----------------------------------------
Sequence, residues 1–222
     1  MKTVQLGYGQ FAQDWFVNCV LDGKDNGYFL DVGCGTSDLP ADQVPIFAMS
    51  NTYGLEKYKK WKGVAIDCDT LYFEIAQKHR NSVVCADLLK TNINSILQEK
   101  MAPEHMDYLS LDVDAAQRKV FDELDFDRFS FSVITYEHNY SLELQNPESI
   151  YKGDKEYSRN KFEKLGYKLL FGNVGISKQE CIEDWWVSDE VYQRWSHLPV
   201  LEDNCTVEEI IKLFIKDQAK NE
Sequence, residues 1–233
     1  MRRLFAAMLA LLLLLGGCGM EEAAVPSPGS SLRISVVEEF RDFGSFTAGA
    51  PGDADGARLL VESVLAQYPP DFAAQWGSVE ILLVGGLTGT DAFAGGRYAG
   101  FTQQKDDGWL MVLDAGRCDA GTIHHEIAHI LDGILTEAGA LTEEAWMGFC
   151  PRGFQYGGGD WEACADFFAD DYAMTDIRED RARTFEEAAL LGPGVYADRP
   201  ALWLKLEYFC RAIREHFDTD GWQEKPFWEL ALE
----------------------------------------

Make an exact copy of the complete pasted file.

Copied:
Sequence, residues 1–222
     1  MKTVQLGYGQ FAQDWFVNCV LDGKDNGYFL DVGCGTSDLP ADQVPIFAMS
    51  NTYGLEKYKK WKGVAIDCDT LYFEIAQKHR NSVVCADLLK TNINSILQEK
   101  MAPEHMDYLS LDVDAAQRKV FDELDFDRFS FSVITYEHNY SLELQNPESI
   151  YKGDKEYSRN KFEKLGYKLL FGNVGISKQE CIEDWWVSDE VYQRWSHLPV
   201  LEDNCTVEEI IKLFIKDQAK NE
Sequence, residues 1–233
     1  MRRLFAAMLA LLLLLGGCGM EEAAVPSPGS SLRISVVEEF RDFGSFTAGA
    51  PGDADGARLL VESVLAQYPP DFAAQWGSVE ILLVGGLTGT DAFAGGRYAG
   101  FTQQKDDGWL MVLDAGRCDA GTIHHEIAHI LDGILTEAGA LTEEAWMGFC
   151  PRGFQYGGGD WEACADFFAD DYAMTDIRED RARTFEEAAL LGPGVYADRP
   201  ALWLKLEYFC RAIREHFDTD GWQEKPFWEL ALE